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Officials explain Seneca County’s approach to mask enforcement, ‘reasonable accommodation’ for those with difficulty breathing

Earlier this week public health officials outlined their renewed efforts to combat social distancing violations, and masking issues at local businesses in Seneca County.

After the initial story was published, the following question appeared repeatedly: What if a person says they can’t wear a face mask due to a medical concern or disability?

We reached out to Seneca County Attorney David Ettman, who sent out the initial announcement that Seneca would be focusing more energy and effort on finding violators if they receive complaints.

For those who cannot wear a face mask, he says the answer is relatively simple: Face shields.

“We have been and will be advising businesses to obtain face shields to offer to customers who claim that they cannot wear a mask,” Ettman said. “They’re relatively easy to sanitize between uses. Or, if the store has an alternative to in-store shopping, such as online or telephone ordering with curbside delivery, or Instacart, those all constitute ‘reasonable accommodation’, which is what is required under the Americans with Disabilities Act.”

DiSanto Propane (Billboard)

He says the ADA doesn’t have an ‘absolute’ standard, but can vary depending on the circumstances of alleged discrimination. “I have been reviewing various sources for ADA issues related to COVID-19. The consistent theme is that reasonable accommodation is the standard and that ‘perceived’ disability is not the same as an actual disability.”

Ettman explained that Seneca County Public Health has been sending out educational outreach workers to review this with businesses in the County. He says there’s been anecdotal evidence suggesting that as businesses – large and small – require face masks – that compliance immediately increases.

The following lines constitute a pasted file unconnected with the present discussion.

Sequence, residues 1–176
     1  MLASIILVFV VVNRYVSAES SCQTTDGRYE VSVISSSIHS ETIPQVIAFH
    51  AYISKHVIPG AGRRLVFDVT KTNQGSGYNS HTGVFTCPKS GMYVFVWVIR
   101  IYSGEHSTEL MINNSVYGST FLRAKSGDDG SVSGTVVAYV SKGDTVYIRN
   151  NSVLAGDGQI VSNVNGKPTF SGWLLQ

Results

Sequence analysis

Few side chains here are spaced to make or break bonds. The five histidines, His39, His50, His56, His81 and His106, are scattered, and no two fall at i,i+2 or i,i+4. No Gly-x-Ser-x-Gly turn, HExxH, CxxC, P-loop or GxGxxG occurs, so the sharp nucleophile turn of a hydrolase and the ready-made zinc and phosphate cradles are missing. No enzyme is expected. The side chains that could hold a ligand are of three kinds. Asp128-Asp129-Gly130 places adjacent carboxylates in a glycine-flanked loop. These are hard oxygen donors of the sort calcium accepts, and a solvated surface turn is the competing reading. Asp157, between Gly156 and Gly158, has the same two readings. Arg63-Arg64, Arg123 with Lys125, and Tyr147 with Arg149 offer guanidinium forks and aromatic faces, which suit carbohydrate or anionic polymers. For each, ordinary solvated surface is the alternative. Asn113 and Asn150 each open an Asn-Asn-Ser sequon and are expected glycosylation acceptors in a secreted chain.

“For the past week or so, the bulk of the complaints have been coming in from smaller retail operations, to which several letters of warning were sent. That is probably where education will be emphasized,” Ettman continued. He didn’t identify businesses that had been sent warning letters. However, the earlier press release this week indicated that it could happen in the future — if businesses are repeatedly cited by the County.


As for the rumors, which have been going around about businesses in Seneca and other counties being cited, fined, or doxxed for violating various mandates at the state-level – Ettman added the following:

“There are several ‘rumors’ abounding about ‘spying’ and threats being made by county workers related to this. There have been no ‘secret shoppers’ sent out to search for violations. We have been receiving complaints from both the New York State reporting system and directly from community members — and some businesses complaining about other businesses — and we try to follow up on those to see what is happening.”

Ettman said at the end of the day, the County wants people and businesses to do the best they can.

“We want businesses to ‘do the best that they can’,” he added. “The intent is not to immediately start issuing violations and imposing maximum fines. The Health Department generally does not do that with other violations, and there is reason to go to that extreme on this issue. However, a business that flaunts non-compliance will be looked at significantly harder than one that is trying.”



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